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Venus Could Have Been Habitable for Billions of Years

New simulations show the planet could have maintained moderate temperatures and liquid water until 700 million years ago

Artist's conception of a watery Venus. (NASA)
smithsonian.com

Venus is one of Earth’s closest neighbors, but astronauts won’t be stepping foot on the second planet from the sun anytime soon. Venus is a true hellscape, sporting an atmosphere thick enough to crush a person, temperatures high enough to melt lead and pervasive clouds of sulfuric acid. But new simulations suggest that wasn't always the case. Venus was downright Earth-like for 2 to 3 billion years and didn’t turn into the violent no-man’s land we know today until 700 million years ago.

Venus was a cloudy mystery to astronomers until 1978, when the Pioneer Venus Project reached the planet and found indications that it was once home to shallow seas. To understand whether the planet could have ever supported liquid water, and possibly life, researchers from NASA’s Goddard Institute for Space Science ran five simulations each representing different levels of water covering the planet. In all scenarios, they found that the planet would have been able to maintain a stable temperate climate for a couple billion years. The research was presented at the European Planetary Science Congress—Division for Planetary Sciences Joint Meeting 2019 in Geneva, Switzerland.

NASA’s Michael Way and Anthony Del Genio calculated three scenarios based off the topography of Venus was see today: one with a 1,017-foot average ocean, one with a shallow 30-foot-deep ocean and one in which the moisture was locked in the soil. The team adjusted their model to account for changing atmospheric conditions and for the sun heating up over time. They found that in all scenarios the planet could maintain an average temperature between 68 and 122 degrees Fahrenheit.

“Venus currently has almost twice the solar radiation that we have at Earth. However, in all the scenarios we have modeled, we have found that Venus could still support surface temperatures amenable for liquid water,” Way says in a press release. “Our hypothesis is that Venus may have had a stable climate for billions of years. It is possible that the near-global resurfacing event is responsible for its transformation from an Earth-like climate to the hellish hot-house we see today.”

Soon after it first formed around 4.2 billion years ago, Venus cooled off quickly and had an atmosphere dominated by carbon dioxide, the researchers hypothesize. If the planet followed similar patterns to the early Earth, much of that carbon dioxide would have been absorbed by silicate rocks and locked into the surface over the course of 3 billion years. Roughly 715 million years ago, the Venusian atmosphere would have been pretty similar to Earth, with a predominance of nitrogen with some trace amounts of carbon dioxide and methane.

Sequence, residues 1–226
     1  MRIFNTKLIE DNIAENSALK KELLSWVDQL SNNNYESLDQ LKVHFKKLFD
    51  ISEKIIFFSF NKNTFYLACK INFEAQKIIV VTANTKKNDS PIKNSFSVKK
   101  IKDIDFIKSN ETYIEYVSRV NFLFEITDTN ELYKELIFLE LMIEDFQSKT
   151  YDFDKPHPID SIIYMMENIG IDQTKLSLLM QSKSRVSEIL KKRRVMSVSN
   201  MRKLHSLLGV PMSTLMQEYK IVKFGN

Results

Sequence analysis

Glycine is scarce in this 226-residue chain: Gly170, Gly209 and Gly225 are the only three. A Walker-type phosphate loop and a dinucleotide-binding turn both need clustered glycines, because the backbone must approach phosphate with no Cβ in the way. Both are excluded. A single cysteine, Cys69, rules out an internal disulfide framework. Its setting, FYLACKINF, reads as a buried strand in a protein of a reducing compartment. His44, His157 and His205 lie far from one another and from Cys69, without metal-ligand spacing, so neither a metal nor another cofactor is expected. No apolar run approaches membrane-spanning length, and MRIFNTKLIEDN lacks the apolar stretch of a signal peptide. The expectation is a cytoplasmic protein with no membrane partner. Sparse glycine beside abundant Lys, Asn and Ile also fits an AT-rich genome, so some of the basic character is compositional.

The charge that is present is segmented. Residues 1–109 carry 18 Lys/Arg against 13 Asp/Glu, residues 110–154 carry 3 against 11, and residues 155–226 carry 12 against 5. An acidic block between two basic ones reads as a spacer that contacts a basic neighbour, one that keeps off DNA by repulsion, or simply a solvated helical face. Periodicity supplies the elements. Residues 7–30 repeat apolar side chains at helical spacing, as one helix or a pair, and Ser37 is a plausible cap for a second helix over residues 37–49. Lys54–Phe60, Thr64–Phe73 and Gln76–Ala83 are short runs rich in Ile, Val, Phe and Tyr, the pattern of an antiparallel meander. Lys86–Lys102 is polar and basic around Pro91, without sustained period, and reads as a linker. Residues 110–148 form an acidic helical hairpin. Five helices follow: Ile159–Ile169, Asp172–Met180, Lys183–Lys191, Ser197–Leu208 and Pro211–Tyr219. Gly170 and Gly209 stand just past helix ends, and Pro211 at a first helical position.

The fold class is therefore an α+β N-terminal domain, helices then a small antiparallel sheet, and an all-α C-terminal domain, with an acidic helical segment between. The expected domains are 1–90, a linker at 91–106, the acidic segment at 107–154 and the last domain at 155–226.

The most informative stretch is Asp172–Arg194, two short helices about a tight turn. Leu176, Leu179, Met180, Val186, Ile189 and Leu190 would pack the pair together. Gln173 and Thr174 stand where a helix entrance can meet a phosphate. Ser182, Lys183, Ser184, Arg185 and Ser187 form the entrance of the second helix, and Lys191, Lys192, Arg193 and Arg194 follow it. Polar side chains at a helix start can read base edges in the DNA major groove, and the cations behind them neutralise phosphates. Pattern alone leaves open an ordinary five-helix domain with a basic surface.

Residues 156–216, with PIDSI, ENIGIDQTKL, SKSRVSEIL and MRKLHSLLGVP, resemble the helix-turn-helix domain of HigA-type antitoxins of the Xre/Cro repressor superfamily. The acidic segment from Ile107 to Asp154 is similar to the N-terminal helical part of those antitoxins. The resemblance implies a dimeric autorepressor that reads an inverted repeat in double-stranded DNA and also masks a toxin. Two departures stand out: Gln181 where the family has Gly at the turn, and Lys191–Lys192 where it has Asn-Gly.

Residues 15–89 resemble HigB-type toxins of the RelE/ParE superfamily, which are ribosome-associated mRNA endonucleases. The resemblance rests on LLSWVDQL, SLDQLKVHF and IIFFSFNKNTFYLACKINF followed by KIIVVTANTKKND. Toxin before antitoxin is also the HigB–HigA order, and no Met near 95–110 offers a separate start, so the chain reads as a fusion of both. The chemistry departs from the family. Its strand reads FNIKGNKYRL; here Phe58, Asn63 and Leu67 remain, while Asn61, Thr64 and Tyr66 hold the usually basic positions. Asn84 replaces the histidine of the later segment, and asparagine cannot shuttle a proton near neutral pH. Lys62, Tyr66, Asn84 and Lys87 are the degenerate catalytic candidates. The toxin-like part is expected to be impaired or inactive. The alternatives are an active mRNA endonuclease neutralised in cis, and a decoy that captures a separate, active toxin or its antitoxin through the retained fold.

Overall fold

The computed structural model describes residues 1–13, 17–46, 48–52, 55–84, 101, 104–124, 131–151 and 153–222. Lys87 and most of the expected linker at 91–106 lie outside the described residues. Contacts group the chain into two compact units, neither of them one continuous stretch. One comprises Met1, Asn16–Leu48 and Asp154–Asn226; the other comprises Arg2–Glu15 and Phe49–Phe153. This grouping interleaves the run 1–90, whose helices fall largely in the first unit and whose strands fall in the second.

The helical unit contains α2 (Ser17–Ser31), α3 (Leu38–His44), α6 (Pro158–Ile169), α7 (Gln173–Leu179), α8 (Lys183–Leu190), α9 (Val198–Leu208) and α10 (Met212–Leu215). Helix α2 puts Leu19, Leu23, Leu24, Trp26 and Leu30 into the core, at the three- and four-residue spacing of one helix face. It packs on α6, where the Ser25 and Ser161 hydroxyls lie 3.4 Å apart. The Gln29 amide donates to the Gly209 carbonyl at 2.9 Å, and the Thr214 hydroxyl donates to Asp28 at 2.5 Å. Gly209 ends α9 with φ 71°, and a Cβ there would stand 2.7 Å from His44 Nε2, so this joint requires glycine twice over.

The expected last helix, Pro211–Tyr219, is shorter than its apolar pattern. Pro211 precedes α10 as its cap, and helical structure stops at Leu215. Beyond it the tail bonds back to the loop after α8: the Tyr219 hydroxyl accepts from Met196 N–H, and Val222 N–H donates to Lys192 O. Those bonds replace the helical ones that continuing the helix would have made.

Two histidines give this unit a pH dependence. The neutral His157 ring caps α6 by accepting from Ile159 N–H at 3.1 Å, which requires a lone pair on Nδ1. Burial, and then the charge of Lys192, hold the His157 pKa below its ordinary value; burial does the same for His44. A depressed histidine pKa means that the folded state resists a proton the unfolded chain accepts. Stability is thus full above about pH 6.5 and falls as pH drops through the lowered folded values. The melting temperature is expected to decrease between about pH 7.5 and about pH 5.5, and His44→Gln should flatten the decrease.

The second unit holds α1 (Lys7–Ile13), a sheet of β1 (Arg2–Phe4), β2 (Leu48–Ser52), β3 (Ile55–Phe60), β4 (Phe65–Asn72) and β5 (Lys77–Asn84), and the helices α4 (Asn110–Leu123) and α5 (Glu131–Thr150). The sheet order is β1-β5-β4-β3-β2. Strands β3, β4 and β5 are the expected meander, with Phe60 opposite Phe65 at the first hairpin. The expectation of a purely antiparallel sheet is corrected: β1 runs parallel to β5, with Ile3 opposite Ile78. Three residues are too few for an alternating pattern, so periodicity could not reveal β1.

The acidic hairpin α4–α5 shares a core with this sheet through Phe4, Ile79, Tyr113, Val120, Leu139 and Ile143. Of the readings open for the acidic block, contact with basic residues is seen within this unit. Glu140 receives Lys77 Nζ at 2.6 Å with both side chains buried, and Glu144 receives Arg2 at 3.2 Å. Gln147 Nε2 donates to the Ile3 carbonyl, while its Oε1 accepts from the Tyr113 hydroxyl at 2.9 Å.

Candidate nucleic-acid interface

Around that time, however, massive amounts of carbon dioxide re-entered the atmosphere, setting off the runaway greenhouse effect that transformed the planet into what it is today. The researchers believe it was likely a volcanic event that released gas trapped in massive amounts of magma but prevented the carbon dioxide from being reabsorbed.

“Something happened on Venus where a huge amount of gas was released into the atmosphere and couldn’t be re-absorbed by the rocks,” Way says. “On Earth we have some examples of large-scale outgassing, for instance the creation of the Siberian Traps 500 million years ago which is linked to a mass extinction, but nothing on this scale. It completely transformed Venus.”

There are still some big questions about whether Venus was habitable. First, researchers need to learn more about how quickly Venus cooled off after its formation. It’s possible that it never cooled down enough for liquid water to form. It’s also unknown whether the event that reshaped the planet was one mega-cataclysm or if it was a series of smaller events over billions of years that gradually turned Venus into what it is today.

If Venus was habitable for billions of years, it opens up the possibility that exoplanets spotted in a so-called “Venus Zone,” or roughly the same distance as Venus is from the sun, could be candidates for supporting life in their solar system. But confirming the hypothesis will take more missions to study the planet.

There are plenty of compelling reasons to go back. A study released last month shows that cyclical dark patches that appear and disappear in the upper reaches of Venus’s thick atmosphere are associated with changes in the planet’s brightness and energy levels. Astronomer Carl Sagan and other notable scientists have hypothesized that the unusual darkening could be caused by microscopic life in the clouds.

About Jason Daley

Jason Daley is a Madison, Wisconsin-based writer specializing in natural history, science, travel, and the environment. His work has appeared in Discover, Popular Science, Outside, Men’s Journal, and other magazines.

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